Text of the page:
Wednesday, September 30, 2015
Life is not measured by the amount of breaths you take, but by the moments that take your breath away (Micalea Smeltzer, Finding Olivia).
Such was the moment that day as I walked across the parking lot of the grocery store when - above the hustle and bustle of the busy street that lay behind me, above the noise of the shoppers walking to and fro from the store in front of me - suddenly, I heard the voice of a child calling out my name over and over again.
I looked toward the store in front of me and saw nothing. I looked toward the street behind me and saw nothing, I looked to my left and still nothing. I thought that perhaps the voice I had heard was only my imagination. That is until I looked to my right.
Across the street in the school yard there had to be at least a hundred kids enjoying recess and, right in the midst of all those children, I saw one solitary outstretched arm reaching up toward the sky and the hand that was attached to it was waving frantically at me! It was then that I realized the voice calling out my name belonged to my niece, Chrissy.
My first thought was, "My, what great eye sight you have!" My second thought was, "My, what a great set of lungs you have!" Better to love me with, I decided, as I held up both my arms and frantically waved back to her.
I smiled as I turned to walk toward the store, wiping away a couple of tears as I went inside.
Later, as I recalled that wonderful event, I remembered something I once read by the Italian poet, Cesare Pavese: "We do not remember days, we remember moments."
What happened that day with Chrissy was one of those moments. Unexpected, but pleasurable.
Remember the football gag where Lucy tells Charlie Brown that she will hold a football while he kicks it?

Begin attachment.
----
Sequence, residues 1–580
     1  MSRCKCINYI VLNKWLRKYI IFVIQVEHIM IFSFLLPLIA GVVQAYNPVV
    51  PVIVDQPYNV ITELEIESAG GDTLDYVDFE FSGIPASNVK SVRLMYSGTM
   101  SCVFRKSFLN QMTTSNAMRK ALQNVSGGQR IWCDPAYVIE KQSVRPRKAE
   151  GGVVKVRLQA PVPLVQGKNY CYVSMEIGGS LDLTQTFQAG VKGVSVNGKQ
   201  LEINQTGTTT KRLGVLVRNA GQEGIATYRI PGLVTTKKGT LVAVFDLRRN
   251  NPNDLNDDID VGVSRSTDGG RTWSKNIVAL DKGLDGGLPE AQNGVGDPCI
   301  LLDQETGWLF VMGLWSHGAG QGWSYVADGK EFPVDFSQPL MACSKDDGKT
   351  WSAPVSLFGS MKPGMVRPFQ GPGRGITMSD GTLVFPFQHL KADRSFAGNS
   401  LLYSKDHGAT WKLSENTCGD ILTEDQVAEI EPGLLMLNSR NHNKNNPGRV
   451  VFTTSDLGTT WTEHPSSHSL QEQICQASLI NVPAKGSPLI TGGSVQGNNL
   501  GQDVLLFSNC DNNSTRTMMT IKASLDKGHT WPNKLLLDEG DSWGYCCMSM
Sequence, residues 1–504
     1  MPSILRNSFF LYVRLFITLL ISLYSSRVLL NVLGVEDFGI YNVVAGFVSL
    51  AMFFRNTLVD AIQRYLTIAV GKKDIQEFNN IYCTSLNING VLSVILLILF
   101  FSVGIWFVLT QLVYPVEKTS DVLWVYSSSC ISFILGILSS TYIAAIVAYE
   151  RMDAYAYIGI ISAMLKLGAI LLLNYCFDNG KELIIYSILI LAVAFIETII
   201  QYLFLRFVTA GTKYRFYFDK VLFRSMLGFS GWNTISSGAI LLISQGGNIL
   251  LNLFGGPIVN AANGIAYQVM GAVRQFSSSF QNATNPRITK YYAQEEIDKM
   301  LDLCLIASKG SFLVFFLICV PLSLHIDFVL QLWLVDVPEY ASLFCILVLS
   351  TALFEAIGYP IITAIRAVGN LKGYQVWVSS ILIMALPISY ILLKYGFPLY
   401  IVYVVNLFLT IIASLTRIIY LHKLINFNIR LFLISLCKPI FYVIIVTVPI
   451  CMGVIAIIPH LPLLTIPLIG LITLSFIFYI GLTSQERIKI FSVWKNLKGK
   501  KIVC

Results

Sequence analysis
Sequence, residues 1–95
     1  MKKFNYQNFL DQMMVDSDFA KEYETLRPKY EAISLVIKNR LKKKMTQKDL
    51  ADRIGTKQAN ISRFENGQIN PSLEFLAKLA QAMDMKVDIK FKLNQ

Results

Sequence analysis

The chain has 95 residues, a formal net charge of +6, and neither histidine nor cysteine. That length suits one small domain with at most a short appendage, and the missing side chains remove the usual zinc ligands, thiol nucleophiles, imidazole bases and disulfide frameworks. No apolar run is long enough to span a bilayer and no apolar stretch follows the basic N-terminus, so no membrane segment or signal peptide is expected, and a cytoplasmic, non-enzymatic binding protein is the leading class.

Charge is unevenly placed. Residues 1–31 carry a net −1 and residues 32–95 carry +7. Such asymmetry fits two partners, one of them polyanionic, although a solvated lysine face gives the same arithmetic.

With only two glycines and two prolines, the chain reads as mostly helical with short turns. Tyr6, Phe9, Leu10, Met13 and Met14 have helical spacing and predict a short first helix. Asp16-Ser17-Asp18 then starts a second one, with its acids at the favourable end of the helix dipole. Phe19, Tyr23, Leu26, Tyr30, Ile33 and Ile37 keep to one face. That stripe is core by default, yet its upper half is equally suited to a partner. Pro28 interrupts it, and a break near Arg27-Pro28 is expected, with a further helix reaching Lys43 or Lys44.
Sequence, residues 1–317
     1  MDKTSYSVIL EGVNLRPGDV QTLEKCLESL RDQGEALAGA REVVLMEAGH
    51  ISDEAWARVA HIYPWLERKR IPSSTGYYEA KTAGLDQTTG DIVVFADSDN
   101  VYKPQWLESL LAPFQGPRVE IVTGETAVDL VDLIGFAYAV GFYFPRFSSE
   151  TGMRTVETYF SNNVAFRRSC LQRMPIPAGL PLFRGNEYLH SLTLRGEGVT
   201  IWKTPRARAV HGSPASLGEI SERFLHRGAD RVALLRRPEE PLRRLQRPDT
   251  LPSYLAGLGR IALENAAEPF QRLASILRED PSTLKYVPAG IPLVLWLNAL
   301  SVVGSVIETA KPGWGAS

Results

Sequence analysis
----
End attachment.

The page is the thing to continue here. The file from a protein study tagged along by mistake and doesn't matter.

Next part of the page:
"KICK THE FOOTBALL, CHARLIE BROWN!"
At first, he refuses because he doesn't trust her. Eventually, she talks him into it and, just as he is about to kick the ball, Lucy picks it up. "AAUGH," yelled Charlie Brown as he went flying through the air, followed by, "WHAM," as he hit the ground. Over the years, the message from that gag became clear to me..."Don't Give Up!" While Charlie Brown may not have ever kicked the football held by Lucy, he never stopped trying. So it is with life, where the impossible can become possible if we are determined enough to not quit. Hebrews 12:1-2 says "let us run with patience the race that is set before us, looking unto Jesus the author and finisher of our faith." Don't Give Up! A quitter never wins, but a winner never quits. Be the winner! (Philippians 4:13)
Sunday, September 27, 2015
The country classic, "I Love Country Music (And I'd Rather Fight Than Switch)" by Jack Barlow, made it to #21 on Cash Box 50 years ago this week (September 28, 1965). The song, co-written by my dad and released on Dial Records, was produced by legendary producer Buddy Killen, who owned the label. Killen also owned Tree Publishing, which published this song and two other songs co-written by dad, "I Love Her Still" and "Number One In The Nation," which were also recorded by Barlow on Dial Records. The records were distributed by Atlantic Records of New York. Barlow first sang "I Love Country Music (And I'd Rather Fight Than Switch)" on the stage of the Grand Ole Opry on November 8, 1965.